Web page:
Looking back on Steely Dan’s immense success and impact it’s hard to envision a time when the supremely-honed and highly original jazz-rock group weren’t at the top of their game.
Keyboardist Donald Fagen had stumbled across guitarist Walter Becker practising in the campus café of New York’s liberal arts school, Bard College, in 1967. He’d struggled to find a guitarist who could play jazz and blues the way he wanted to, not “like Dick Dale,” as was the trend, he said. Becker was playing a wild blues-based style and Fagen had “never really heard anything like that.”
The duo soon started writing together, and played in various musical configurations such as Fagen’s own Jazz Trio, and an outfit called Leather Canary, where a young Chevy Chase featured on drums.
Incongruously gaining employment as part of the touring band for doo-wop crooners Jay & The Americans, lead singer Jay Black memorably remembered the two as ghoulish-looking “yoghurt-skinned” beatniks who seemed to only surface at night. “The Manson and Starkweather of rock'n'roll,” Black called them.
Graduating in 1969, Fagen took the duo’s songs to Manhattan’s legendary Brill Building, the hub for popular songwriters and publishers of every stripe, from Burt Bacharach to Lou Reed, Carole King to Ellie Greenwich.
Becker and Fagen had little success there – the musical climate was not quite ready for their hipster hybrids. However, a Jay & The Americans connection clicked. Group member Kenny Vance was now a Brill resident and he commissioned a soundtrack to 1971 screwball hippie film You've Got to Walk It Like You Talk It or You'll Lose That Beat, which starred Robert Downey Sr and Richard Pryor. Their style caught the attention of producer Gary Katz, newly installed at ABC/Dunhill Records, and with acts such as the Mamas And Papas, James Gang and Steppenwolf under his care. “I don’t have much to do with the songs,” Katz told RecordProduction.com in 2000, “but I can spot talent.”
Katz concluded that Becker and Fagen’s stuff was too weird for anyone to handle but them, and their own band. Relocating from New York to LA, by day they wrote for the label roster; by night they had a group that included jazz guitarist Denny Dias, ABC-signed drummer Jim Hodder, session guitarist Jeff ‘Skunk’ Baxter and vocalist David Palmer, brought in due to Fagen’s lack of live vocal confidence.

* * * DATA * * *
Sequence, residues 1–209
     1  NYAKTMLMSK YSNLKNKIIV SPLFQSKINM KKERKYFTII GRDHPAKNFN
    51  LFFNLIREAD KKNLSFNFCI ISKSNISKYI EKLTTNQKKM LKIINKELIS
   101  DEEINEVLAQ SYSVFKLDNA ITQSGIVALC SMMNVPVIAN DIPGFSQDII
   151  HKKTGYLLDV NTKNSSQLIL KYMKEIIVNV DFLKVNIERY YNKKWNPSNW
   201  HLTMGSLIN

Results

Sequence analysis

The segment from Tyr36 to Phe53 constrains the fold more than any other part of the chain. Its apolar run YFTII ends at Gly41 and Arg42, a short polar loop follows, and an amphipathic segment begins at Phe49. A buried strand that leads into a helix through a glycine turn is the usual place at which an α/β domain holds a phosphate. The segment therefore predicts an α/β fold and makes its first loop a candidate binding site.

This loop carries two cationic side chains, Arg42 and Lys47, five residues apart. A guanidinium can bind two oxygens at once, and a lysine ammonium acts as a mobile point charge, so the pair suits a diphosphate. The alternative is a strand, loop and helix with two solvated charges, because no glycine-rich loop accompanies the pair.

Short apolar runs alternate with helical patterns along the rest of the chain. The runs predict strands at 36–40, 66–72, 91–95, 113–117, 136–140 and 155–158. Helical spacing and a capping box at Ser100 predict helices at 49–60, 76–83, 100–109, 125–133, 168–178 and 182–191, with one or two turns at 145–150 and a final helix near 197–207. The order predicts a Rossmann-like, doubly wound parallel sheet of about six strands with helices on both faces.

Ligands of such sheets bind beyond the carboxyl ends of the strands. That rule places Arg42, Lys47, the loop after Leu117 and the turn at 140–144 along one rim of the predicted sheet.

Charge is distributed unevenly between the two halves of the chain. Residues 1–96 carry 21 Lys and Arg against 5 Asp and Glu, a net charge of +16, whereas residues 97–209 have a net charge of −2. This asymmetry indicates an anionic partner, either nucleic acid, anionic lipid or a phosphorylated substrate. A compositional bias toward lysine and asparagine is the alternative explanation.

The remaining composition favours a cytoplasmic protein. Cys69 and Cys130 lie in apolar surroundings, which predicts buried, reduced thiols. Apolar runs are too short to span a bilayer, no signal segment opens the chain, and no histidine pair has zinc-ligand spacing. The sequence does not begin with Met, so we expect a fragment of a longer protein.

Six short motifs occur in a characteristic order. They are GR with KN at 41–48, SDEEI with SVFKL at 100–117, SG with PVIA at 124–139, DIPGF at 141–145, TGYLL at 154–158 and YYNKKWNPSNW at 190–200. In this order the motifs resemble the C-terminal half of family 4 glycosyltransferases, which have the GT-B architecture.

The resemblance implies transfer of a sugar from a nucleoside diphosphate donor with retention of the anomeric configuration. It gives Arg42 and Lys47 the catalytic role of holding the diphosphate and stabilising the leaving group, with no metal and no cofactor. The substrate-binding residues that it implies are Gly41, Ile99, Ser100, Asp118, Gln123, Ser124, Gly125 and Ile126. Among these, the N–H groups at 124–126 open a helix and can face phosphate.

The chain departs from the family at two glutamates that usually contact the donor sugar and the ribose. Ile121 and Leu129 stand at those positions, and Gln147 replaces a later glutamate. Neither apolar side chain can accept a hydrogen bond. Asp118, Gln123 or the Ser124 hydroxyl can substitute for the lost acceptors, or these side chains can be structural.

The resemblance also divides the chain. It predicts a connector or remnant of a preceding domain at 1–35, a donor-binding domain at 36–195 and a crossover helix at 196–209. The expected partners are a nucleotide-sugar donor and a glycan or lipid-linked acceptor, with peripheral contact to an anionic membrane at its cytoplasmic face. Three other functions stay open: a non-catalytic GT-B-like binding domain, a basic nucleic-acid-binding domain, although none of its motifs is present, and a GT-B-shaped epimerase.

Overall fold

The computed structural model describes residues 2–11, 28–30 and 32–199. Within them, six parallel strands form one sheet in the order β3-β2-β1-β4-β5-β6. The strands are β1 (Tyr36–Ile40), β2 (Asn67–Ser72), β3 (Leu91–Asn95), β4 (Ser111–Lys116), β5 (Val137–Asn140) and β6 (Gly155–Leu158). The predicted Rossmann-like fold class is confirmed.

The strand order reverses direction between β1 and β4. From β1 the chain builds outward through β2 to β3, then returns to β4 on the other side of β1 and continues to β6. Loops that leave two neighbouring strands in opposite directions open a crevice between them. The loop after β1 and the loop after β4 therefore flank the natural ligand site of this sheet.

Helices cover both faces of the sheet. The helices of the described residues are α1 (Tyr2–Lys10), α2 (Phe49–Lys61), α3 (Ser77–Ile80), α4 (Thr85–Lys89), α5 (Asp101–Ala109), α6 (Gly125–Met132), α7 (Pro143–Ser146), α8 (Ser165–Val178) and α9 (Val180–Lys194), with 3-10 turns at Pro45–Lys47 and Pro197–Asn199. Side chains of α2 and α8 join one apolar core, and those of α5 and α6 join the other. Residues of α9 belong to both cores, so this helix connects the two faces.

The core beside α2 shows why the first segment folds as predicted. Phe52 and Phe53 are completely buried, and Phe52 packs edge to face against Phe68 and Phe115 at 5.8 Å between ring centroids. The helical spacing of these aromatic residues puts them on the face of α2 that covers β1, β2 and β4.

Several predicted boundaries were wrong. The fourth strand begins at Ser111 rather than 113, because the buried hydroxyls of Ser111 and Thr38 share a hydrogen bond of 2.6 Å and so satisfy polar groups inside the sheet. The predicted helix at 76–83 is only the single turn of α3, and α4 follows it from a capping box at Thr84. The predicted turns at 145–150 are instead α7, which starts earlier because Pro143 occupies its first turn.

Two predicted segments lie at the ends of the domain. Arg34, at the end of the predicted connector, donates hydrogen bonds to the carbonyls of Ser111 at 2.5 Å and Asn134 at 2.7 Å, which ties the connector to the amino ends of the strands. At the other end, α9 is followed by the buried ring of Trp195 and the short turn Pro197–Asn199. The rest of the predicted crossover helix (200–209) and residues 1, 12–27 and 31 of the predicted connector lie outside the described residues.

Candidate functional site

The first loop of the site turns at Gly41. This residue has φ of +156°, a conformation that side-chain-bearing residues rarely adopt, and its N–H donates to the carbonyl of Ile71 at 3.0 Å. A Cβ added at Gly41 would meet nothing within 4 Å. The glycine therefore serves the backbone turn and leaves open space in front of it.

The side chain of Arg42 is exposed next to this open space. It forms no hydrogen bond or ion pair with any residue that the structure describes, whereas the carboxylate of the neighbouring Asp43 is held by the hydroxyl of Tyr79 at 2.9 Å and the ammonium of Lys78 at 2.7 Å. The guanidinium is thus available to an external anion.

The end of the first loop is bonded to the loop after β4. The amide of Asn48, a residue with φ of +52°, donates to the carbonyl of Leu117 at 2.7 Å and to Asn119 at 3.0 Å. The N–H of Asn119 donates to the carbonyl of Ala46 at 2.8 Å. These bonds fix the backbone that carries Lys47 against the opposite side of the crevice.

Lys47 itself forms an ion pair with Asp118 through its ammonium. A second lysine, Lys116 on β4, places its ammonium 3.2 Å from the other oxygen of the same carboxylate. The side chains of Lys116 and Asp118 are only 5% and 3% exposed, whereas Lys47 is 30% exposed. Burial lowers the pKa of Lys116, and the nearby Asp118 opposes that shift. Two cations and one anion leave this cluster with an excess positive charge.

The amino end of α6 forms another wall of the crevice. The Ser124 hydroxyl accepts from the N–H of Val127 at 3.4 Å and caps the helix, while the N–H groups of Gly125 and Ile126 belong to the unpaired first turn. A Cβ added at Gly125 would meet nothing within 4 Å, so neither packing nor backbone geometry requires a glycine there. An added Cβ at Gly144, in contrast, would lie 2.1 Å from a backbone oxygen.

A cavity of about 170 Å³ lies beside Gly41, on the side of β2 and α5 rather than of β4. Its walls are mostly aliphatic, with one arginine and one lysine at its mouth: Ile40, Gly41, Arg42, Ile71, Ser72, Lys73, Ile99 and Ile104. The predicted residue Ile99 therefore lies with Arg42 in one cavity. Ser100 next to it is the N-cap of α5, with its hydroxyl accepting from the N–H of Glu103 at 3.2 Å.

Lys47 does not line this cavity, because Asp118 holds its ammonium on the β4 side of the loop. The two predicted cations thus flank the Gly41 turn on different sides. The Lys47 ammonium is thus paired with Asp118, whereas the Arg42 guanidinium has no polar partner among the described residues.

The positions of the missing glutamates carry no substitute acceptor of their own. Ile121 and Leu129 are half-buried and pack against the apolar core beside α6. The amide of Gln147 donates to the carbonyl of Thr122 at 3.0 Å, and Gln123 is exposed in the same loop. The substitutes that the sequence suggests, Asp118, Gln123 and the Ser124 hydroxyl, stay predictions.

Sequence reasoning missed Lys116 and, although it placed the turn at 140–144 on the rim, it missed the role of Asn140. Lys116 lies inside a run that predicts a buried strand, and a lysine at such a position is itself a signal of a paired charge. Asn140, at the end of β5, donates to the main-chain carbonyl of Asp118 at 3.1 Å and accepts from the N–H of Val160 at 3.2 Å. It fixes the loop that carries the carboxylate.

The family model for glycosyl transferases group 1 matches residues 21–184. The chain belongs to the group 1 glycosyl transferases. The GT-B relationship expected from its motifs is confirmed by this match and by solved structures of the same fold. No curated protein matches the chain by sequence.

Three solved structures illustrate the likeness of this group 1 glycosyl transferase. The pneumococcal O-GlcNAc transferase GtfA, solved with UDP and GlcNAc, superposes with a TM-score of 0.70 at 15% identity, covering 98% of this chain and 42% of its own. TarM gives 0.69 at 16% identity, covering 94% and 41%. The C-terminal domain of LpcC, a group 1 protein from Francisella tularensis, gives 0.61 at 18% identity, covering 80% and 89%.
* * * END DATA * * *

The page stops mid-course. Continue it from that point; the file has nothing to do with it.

Now named Steely Dan – a nod to their beatnik roots, using the moniker of the steam-powered strap-on dildo from William S Burroughs’ mind-bending 1959 novel Naked Lunch – Katz took the group into The Village Recorder studio to make their debut album, Can’t Buy A Thrill. Starting with the chilled Latin groove of Do It Again - their first single from the record - Becker and Fagen’s moment had arrived: slick musicianship, arch lyrical commentary and pristine production that blended soft-rock, jazz, blues and soul in a singular 70s – and Steely Dan – fashion.
But the highlight would be Reelin’ In The Years. Fagen stepped up to the mic for an effervescent breakup narration as the band galloped along in shuffle time. The main guitar part required something special, and this marked the Dan’s first dabble with swapping-in hand-picked aces. They called another old contact from Jay & The Americans, just out of orchestra pit of the Broadway version Jesus Christ Superstar and now getting some freelance muso rep: Elliott Randall. “It was my first session for them,” Randall told Produce Like A Pro. “I thought they were really special, and they must have thought I was special too.”
“They were having trouble finding the right ‘flavour’ solo for Reelin’ and asked me to give it a go,” Randall told Guitar World. Randall read the lyrics, got a sense of what the song was about, picked up his Strat and played. Katz called to the recording engineer, “Did you get that?” – but the engineer had missed it, thinking it was a practice.
Take two was recorded, Randall admitting his imagination was fired up: “Something got me going,” he told Produce Like A Pro. He jazzed up the chorus for the intro, and, using a sprinkling of salsa technique, pulled off the most joyous, expressive musical conversation, from start to finish. “That was it! Nobody said, ‘Can we try that again?’,” Randall noted. “I was delighted; they were happy.”
The song has made millions of listeners happy too, including Jimmy Page, who knows a thing or two about guitar licks. He called Reelin’s solo his favourite in Classic Rock in 1999, and in 2016 he rated the solo 12/10 to YouTuber Oliver Patrick Loughnan.
“I’m flattered [by that],” said Randall in 2021. “It was actually very easy [to do]… The song virtually played itself.”